The skin in the outer ear canal has special glands that produce earwax. The fancy name for this waxy stuff is cerumen (say: suh-ROO-mun). After the wax is produced, it slowly makes its way through the outer ear canal to the opening of the ear. Then it either falls out or is removed when you wash.
In this manner, what is a wax made out of?
For most of recorded history candles were tallow (a by-product of beef-fat rendering) and beeswax until the mid 1800s at which point they were made mainly from spermaceti (spurring larger demand for whale oil), and stearin (initially manufactured from animal fats but now produced almost exclusively from palm waxes).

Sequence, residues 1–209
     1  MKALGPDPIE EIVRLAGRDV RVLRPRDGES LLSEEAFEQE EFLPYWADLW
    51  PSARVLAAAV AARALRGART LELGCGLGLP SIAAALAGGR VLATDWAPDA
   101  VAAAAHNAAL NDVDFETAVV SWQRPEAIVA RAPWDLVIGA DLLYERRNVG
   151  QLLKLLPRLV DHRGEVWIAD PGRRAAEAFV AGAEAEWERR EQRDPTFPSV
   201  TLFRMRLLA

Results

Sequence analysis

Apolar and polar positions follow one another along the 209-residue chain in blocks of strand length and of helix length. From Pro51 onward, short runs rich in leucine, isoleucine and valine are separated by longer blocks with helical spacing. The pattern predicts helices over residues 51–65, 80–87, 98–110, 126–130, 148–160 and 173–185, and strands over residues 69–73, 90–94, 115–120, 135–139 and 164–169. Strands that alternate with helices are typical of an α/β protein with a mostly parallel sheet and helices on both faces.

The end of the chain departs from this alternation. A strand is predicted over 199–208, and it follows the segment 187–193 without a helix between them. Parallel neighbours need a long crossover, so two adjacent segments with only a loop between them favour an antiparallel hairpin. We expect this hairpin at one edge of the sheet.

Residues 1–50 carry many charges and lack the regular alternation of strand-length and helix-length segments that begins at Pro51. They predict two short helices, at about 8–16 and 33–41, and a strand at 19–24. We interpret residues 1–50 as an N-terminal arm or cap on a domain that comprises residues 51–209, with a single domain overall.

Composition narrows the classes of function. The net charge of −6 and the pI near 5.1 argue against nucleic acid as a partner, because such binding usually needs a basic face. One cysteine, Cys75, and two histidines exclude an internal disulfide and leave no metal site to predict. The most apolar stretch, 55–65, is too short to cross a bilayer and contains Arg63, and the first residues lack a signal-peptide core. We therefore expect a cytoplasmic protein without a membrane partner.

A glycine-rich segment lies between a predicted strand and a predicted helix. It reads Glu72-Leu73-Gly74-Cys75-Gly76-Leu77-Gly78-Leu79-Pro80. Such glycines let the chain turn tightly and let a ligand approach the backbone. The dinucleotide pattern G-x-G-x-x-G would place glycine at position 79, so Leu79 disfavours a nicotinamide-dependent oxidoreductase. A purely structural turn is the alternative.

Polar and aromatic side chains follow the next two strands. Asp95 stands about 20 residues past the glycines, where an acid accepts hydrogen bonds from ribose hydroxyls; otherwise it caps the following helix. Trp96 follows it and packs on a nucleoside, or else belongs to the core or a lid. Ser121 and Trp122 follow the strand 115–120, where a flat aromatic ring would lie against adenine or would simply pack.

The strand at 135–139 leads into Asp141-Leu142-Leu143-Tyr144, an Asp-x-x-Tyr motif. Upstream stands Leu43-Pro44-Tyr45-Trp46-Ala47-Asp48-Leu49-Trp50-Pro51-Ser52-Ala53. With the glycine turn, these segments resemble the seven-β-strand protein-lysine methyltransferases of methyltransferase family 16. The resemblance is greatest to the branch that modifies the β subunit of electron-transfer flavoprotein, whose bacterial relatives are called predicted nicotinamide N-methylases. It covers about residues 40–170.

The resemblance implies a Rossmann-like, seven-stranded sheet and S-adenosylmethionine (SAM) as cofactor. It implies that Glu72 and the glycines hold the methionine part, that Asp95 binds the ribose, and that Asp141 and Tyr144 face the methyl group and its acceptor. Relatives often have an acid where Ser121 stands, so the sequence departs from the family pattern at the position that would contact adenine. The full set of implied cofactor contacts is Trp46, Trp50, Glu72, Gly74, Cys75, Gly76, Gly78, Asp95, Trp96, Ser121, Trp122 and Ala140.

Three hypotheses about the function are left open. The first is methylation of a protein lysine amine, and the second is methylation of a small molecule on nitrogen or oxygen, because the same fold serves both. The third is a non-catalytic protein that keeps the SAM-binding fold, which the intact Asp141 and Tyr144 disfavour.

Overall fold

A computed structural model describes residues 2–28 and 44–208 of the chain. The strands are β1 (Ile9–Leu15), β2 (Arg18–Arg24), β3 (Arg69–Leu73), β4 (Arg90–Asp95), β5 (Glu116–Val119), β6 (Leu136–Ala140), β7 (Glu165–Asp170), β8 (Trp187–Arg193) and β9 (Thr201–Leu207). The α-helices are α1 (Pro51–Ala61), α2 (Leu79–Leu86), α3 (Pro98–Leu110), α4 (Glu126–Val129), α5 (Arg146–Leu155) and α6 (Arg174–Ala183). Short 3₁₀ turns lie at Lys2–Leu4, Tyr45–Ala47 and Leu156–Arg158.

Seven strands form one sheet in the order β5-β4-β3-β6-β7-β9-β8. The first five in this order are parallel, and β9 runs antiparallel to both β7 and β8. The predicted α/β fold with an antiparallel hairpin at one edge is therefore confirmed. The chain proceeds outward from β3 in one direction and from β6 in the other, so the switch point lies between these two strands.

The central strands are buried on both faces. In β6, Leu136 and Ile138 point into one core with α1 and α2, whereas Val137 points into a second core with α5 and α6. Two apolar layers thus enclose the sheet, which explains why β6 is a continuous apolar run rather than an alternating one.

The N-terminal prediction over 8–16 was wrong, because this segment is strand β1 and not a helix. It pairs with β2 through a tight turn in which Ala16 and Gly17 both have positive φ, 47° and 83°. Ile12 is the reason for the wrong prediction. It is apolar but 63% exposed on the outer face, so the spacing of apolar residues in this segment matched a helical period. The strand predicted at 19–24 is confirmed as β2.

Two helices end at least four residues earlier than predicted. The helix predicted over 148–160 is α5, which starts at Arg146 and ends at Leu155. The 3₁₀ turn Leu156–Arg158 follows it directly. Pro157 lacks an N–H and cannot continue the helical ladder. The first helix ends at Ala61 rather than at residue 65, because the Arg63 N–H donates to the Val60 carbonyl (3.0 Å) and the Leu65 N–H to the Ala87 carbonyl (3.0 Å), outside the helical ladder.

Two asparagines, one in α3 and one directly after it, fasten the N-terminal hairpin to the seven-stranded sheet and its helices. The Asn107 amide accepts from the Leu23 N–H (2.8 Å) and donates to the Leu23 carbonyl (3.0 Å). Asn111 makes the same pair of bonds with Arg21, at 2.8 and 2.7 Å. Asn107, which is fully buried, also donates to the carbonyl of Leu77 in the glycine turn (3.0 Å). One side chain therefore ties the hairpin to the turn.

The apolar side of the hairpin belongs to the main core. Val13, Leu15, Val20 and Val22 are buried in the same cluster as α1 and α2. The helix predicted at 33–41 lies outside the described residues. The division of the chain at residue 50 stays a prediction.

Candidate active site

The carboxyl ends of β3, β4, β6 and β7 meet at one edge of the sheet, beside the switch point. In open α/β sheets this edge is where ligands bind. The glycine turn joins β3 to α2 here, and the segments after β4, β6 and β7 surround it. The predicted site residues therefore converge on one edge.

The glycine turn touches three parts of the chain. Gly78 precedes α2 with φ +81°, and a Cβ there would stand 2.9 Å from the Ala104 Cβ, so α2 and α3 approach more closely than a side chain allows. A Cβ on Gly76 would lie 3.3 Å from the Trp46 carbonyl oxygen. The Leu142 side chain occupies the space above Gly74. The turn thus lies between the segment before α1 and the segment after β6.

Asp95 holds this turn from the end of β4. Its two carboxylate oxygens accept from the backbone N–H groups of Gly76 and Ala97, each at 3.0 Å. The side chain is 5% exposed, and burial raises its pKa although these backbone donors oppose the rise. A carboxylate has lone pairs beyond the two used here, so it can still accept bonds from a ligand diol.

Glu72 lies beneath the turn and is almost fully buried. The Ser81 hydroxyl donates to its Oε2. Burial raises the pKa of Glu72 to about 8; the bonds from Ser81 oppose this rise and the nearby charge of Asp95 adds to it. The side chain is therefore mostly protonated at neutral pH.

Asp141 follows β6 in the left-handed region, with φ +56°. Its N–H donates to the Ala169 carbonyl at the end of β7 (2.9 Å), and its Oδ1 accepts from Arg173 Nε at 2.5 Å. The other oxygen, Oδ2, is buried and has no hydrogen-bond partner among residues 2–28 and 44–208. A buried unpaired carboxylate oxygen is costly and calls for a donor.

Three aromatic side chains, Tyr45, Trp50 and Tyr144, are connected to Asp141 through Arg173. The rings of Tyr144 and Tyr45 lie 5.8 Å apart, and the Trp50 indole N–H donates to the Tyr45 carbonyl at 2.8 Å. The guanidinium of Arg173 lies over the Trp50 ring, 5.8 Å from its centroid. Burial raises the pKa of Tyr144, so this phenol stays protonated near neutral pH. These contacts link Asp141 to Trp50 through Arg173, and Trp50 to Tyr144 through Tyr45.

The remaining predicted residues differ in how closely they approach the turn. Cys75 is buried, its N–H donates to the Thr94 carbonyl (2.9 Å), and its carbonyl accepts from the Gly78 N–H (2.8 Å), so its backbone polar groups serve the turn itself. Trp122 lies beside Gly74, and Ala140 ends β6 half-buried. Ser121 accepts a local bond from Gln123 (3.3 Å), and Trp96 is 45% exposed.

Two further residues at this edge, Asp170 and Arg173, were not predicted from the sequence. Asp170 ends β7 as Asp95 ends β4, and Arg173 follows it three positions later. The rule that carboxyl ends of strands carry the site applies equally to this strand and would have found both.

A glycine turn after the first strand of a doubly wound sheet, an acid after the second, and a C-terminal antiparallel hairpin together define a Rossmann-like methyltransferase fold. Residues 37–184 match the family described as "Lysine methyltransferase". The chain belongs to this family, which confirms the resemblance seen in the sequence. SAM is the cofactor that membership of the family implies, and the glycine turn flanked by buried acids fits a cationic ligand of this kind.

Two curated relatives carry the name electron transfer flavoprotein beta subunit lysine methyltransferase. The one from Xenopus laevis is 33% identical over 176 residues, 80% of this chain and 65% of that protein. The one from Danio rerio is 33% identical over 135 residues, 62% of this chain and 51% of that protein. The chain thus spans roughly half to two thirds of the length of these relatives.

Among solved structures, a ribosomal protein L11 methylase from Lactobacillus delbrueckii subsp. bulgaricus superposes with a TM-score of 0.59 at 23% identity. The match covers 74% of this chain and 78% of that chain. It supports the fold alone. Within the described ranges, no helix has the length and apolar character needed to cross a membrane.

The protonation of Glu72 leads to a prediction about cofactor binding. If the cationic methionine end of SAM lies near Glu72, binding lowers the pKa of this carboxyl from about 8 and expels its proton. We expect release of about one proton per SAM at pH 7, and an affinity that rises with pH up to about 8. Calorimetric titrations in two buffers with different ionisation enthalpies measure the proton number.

Why do we have ear wax and where does it come from?
Your ear canal produces a waxy oil called cerumen, which is more commonly known as earwax. This wax protects the ear from dust, foreign particles, and microorganisms. It also protects ear canal skin from irritation due to water. Wax buildup is a common reason for temporary hearing loss.